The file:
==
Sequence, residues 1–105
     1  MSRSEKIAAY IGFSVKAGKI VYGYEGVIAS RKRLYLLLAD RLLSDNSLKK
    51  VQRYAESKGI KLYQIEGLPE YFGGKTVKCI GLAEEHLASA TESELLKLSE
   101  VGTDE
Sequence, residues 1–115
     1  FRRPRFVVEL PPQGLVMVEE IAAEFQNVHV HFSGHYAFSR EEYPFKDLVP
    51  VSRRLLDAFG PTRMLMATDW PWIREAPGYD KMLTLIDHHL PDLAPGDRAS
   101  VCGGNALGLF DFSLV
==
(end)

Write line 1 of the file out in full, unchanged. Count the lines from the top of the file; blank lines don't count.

Sequence, residues 1–105